We can take back the billions we give to the EU, the money which is squandered on grand parliamentary buildings and bureaucratic follies, and invest it in science and technology, schools and apprenticeships. We can get rid of the regulations which big business uses to crush competition and instead support new start-up businesses and creative talent. We can forge trade deals and partnerships with nations across the globe, helping developing countries to grow and benefiting from faster and better access to new markets.

We are the world’s fifth largest economy, with the best armed forces of any nation, more Nobel Prizes than any European country and more world-leading universities than any European country. Our economy is more dynamic than the Eurozone, we have the most attractive capital city on the globe, the greatest “soft power” and global influence of any state and a leadership role in NATO and the UN. Are we really too small, too weak and too powerless to make a success of self-rule? On the contrary, the reason the EU’s bureaucrats oppose us leaving is they fear that our success outside will only underline the scale of their failure.

This chance may never come again in our lifetimes, which is why I will be true to my principles and take the opportunity this referendum provides to leave an EU mired in the past and embrace a better future.
ENDS

Tagged with: , , ,

Follow us on this thing….

Tagged with: , , , , , ,

Some of the stuff that ConservativeChitChat Supports (UK Edition)

1) Brexit… Leaving the EU holds the key to being able to do alot of the stuff that many of the stuff I support likely depends on, like keeping proper tabs on immigration.

2) Flat Taxes… they’ve been yapping for too long about simplifying them, how about actually doing it? Introducing Flat Taxes would zap many loopholes, and encourage those with fat wallets to just cough-up what they owe, instead of paying accountants to find ways to wriggle out of paying more than they have to.

3) A £155 per week Minimum Citizens income…. originally touted by the Greens, and branded a bloody stupid idea because it would cost around £415billion a year at a time Britain is trying to get back on it’s feet after Gormless Gordon Brown ran up a national deficit of £156bn (and down to around £50-£90billion around the 2015 General Election), the writers of the Daily Telegraph seem to have started warming to the idea…………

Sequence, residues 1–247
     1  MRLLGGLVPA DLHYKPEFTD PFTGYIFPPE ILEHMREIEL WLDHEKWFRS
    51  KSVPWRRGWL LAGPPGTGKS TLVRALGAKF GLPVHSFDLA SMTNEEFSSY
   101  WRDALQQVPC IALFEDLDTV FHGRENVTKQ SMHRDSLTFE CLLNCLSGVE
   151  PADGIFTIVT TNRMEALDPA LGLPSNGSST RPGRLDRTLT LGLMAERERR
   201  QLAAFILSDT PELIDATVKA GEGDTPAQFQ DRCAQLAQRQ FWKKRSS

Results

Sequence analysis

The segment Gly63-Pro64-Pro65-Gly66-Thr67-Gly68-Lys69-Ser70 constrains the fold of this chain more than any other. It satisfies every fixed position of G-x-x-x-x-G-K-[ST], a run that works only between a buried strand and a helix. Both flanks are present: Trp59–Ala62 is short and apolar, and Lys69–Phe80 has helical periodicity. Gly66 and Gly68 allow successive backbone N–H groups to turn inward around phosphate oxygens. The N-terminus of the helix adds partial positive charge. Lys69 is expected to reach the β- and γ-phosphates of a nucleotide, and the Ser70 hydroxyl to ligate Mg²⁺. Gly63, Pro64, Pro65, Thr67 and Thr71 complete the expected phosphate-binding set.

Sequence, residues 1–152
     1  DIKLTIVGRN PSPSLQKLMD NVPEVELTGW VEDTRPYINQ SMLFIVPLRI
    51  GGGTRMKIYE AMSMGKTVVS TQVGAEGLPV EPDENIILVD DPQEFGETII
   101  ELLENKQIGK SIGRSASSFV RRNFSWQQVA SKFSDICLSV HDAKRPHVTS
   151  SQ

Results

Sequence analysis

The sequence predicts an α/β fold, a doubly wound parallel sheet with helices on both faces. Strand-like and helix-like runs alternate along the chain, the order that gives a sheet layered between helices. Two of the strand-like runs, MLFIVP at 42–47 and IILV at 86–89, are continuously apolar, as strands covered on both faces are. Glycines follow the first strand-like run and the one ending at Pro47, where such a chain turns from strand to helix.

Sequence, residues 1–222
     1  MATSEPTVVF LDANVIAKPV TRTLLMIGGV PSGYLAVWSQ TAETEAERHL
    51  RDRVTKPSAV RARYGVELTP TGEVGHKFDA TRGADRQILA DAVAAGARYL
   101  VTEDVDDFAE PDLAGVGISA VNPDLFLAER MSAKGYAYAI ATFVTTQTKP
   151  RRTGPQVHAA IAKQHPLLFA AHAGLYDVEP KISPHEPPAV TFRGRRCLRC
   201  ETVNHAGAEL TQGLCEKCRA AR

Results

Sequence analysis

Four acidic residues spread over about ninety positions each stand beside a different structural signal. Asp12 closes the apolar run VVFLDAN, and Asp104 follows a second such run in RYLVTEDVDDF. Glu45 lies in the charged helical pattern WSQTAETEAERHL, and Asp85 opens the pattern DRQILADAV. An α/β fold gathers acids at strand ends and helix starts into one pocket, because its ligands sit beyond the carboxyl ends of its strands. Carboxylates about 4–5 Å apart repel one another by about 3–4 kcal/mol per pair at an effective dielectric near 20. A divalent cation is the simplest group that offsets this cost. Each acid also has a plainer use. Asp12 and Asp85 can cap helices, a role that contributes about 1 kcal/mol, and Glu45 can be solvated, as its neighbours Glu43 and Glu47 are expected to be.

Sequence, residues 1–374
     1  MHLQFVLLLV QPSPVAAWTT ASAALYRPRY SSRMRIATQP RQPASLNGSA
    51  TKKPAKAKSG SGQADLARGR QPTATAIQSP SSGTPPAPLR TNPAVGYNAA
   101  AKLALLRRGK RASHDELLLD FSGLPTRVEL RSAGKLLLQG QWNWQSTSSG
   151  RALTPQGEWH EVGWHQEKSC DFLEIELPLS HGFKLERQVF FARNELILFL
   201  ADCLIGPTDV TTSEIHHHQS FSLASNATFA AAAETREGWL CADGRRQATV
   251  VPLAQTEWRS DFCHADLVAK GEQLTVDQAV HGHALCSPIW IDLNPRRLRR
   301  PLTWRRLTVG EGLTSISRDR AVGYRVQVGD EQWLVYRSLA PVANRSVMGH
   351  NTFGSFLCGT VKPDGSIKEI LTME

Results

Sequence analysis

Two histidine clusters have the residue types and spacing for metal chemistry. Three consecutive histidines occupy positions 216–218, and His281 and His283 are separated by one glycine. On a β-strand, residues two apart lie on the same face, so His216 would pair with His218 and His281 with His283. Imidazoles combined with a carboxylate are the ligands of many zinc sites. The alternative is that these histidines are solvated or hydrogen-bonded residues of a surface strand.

… and Finland have decided to have a crack at it too….


So I reckon it would be do-able, but require some serious awkward maths on the budget to make it work properly, such as introducing Flat Taxes + merging Income Tax with National Insurance, and achieving Brexit to enable proper control of our borders, among other things.
Maybe make a range of grants available, possibly funded in a way similar to Zopa + Funding Circle (but through the government) for things like Home Repair + disabled equipment (among other things) to make sure no one is left in the lurch.

4) Expanding Airport capacity in the South-East of England… just not with a 3rd Runway at Heathrow

5) Expanding the UK Rail Network with Real Rail Improvement, and possibly also building cycle paths to the side of the new tracks too, to expand the National Cycle Network.

6) Ditching Fuel Duty + VAT on Petrol & Diesel, and replacing with a single Fuel Sales Tax (F.S.T)

7) Building a Wales-to-Ireland Tunnel + a Scotland to Ireland Tunnel to improve transport links across the Irish Sea, and zap issues caused by crap weather that can hold up the current journey. The Wales to Ireland Tunnel is estimated to cost around £15billion (not too far off what we pay for a year’s EU membership).

8) Building a new Northern Section of the East Coast Mainline… if you look at it on Google Earth / Google Maps, you’ll notice it’s a teensy bit too close to the edge of the cliffs just north of Berwick-Upon-Tweed, which is sure to cause massive problems sooner or later.
Also if you remember Top Gear (series13 Episode1) with the race between a Steam Train, an old Jaguar + an old motorbike, you may recall there seemed to be some bottlenecks caused by local rail traffic.